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Moving away from comfortable answers

Published in The Malaysian Insider

I had the bad fortune of getting a fever right on the first night of my honeymoon. For a moment, I thought how people can imagine this might be a supernatural attack.

After all, I was in an environment alien to me. There might be makhluk halus (spirits) around, and my physical body might have been shocked into fever the moment I was in their presence. Maybe they were jealous of the honeymoon? Who knows?

It is an easy mistake to make. Without simple scientific knowledge, much less medical knowledge, one might then attribute sicknesses to supernatural forces and higher beings.

All humans are captive to this. We experience two cognitive phenomenons: causal reasoning, and what is described as the theory of mind. Causal reasoning means we’re wired to explain things away — there is always a cause for something — not drinking causes thirst, watering plants make them grow, and so on.

One part of the theory of mind makes us think that because we would act, feel and think a certain way, somebody else would be that way too. If we see a kitten, we’d think it’s cute — so we think others would feel that same way about kittens.

These are products of our evolution, and it has been suggested that religion is the by-product.

When humans fall sick, they feel miserable. Causal reasoning tells them that some supernatural being — since mortals are incapable of such acts — must be behind it. Since humans punish those who wrong them, then theory of mind suggests that those supernatural beings would feel that way too. Hence, humans get sick because some supernatural being is mad at them.

On the second day of the honeymoon, I had the chance to experience traditional Malay massage which left my body feeling thoroughly “defragged.” I was fascinated by the way the “tukang urut” explained illnesses in terms of “urat” — a knotted “urat” here affecting my gait, an “urat” too far out there giving my bum pins and needles.

My wife and I talked about this term “urat” later: what exactly is it in medical terms? Literally, it can be used to mean anything from veins, to nerves, to sinews. It chanced upon us that ancient Malays did not venture into surgery the way their Arab or Greek contemporaries did. Therefore, they never got the chance to familiarise themselves with the human anatomy.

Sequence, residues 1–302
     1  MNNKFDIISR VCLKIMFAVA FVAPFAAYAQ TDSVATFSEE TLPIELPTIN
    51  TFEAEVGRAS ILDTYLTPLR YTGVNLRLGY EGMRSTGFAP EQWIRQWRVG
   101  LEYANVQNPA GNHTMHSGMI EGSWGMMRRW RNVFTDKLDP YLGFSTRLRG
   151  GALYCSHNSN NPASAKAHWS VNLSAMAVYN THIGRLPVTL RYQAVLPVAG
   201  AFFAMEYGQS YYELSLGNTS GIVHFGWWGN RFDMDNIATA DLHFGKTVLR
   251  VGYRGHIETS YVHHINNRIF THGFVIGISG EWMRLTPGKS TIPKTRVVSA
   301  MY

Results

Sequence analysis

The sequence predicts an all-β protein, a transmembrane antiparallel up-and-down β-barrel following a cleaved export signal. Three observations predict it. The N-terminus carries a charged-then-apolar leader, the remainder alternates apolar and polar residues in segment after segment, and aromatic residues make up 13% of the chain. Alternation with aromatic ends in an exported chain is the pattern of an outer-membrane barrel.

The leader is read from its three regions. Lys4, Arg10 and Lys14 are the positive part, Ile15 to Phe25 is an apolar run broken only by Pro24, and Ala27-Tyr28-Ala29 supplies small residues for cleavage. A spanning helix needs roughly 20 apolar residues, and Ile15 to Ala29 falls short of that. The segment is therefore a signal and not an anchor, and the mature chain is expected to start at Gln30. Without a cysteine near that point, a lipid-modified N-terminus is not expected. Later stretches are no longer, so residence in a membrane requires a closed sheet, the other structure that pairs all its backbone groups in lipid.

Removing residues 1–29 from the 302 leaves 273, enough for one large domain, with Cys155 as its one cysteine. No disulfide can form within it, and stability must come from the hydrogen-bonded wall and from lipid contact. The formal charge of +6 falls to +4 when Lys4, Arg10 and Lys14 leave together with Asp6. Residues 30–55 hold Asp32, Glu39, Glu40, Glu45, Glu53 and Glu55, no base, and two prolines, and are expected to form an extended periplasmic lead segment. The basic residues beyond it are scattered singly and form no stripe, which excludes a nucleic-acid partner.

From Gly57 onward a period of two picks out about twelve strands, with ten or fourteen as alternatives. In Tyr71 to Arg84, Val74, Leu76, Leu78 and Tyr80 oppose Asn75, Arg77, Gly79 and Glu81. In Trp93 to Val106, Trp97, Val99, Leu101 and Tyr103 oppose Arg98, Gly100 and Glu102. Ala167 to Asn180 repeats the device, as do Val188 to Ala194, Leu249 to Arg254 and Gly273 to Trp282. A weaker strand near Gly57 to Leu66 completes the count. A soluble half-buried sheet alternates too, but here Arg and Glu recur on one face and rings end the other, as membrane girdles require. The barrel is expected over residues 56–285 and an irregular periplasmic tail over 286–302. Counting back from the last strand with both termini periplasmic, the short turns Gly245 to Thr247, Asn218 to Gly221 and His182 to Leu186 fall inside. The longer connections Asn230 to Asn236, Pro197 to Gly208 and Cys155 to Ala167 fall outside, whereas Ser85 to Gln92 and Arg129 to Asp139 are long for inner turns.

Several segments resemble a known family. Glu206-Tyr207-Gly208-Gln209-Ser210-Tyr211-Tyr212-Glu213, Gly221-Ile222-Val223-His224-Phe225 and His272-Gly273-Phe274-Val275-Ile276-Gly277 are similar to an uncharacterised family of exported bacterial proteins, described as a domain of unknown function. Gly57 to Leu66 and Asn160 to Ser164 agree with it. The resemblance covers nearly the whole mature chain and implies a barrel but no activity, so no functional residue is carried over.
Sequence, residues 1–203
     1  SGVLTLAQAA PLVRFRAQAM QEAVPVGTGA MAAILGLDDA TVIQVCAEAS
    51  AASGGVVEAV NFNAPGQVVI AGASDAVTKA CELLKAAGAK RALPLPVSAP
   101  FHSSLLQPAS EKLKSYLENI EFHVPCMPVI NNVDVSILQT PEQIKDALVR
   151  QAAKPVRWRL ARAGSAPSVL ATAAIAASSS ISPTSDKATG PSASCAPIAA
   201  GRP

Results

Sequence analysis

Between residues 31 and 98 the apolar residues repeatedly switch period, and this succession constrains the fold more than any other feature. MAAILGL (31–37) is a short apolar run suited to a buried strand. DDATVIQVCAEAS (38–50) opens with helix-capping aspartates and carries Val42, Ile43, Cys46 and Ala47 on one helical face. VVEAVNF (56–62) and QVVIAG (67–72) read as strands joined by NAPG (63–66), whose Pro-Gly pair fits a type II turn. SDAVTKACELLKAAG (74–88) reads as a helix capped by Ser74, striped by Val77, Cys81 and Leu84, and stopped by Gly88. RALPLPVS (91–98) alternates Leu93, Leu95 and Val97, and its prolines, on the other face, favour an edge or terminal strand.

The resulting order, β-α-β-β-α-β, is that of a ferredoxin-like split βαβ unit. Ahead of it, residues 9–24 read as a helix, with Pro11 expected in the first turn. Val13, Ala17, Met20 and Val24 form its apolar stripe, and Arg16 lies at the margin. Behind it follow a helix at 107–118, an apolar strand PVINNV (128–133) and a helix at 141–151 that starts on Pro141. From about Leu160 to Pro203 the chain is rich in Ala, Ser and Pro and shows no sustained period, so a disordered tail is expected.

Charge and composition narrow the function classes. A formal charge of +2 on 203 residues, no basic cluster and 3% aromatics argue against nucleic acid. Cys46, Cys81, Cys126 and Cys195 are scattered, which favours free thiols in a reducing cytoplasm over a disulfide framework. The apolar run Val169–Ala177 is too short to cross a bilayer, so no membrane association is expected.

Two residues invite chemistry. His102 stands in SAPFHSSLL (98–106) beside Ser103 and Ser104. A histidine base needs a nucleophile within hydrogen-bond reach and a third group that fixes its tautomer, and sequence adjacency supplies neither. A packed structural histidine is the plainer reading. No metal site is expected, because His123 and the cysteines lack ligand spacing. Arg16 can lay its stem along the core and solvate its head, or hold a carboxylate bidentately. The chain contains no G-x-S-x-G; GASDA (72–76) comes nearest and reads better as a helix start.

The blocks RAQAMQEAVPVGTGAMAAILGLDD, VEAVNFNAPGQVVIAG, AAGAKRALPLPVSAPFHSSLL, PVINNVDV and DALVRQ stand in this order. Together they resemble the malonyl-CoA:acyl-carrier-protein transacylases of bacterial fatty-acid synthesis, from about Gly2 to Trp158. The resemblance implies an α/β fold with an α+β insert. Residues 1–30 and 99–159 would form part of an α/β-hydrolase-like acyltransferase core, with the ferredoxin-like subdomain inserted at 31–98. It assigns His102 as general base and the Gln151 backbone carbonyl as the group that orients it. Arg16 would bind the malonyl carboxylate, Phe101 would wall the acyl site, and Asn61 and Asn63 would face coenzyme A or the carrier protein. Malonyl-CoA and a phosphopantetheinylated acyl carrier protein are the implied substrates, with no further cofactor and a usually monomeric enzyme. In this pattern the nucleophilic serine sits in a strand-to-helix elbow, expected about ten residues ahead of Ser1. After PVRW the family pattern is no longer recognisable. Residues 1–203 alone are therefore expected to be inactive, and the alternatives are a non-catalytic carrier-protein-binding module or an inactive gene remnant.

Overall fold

As a result, everything under the skin — which are not bones — counts as “urat”. When you massage the “urat”, you are actually massaging the muscles. It is a common practice worldwide: a massage relaxes the muscles, thus relieving you of some pain. To the ancient Malays, without any medical understanding, massaging the “urat” simply heals you. Causal reasoning.

That same week, the scientific world was rocked with the final confirmation that Higgs boson does exist. There were two underlying issues we could observe from the celebration — even if we could not understand a goddamn thing.

First, is the insistence of some scientists that we, the public, and the media, should stop referring to the Higgs boson as the “God particle.” Physicist Leon Lederman coined the nickname since the particle is “so central to the state of physics today, so crucial to our understanding of the structure of matter, yet so elusive.”

However, since the Higgs boson is no longer elusive, and can actually be observed, still calling it God particle would be ironic (not to mention downright comedic).

Secondly, the discovery is only a start. Before this, Higgs boson’s existence was only suggested by complex mathematical guesswork, and it still became an essential base in understanding our universe. Now that it has actually, really, been observed, we can only imagine the kind of advances we will make in the upcoming years.

Little by little, humankind is moving away from comfortable but vague answers (e.g. “only God knows”), towards more illuminating scientific explanations for things we did not know before. The people who achieve this wouldn’t have done so if they had just lay down and accepted lazy, superstitious explanations.

In a typical Malay story, I would have asked the “tukang urut” to rid my body of the bad spirits, and probably end up in a personal spiritual battle with them. Luckily, I am blessed with a doctor as a wife, who told me to just get off my ass and have a bath in order to regulate my body temperature. With some help from the medicine, it didn’t take long for the fever to subside.

Just another perk of having proper medical opinion by one’s side — and not superstitious excuses.

Published inTMI column
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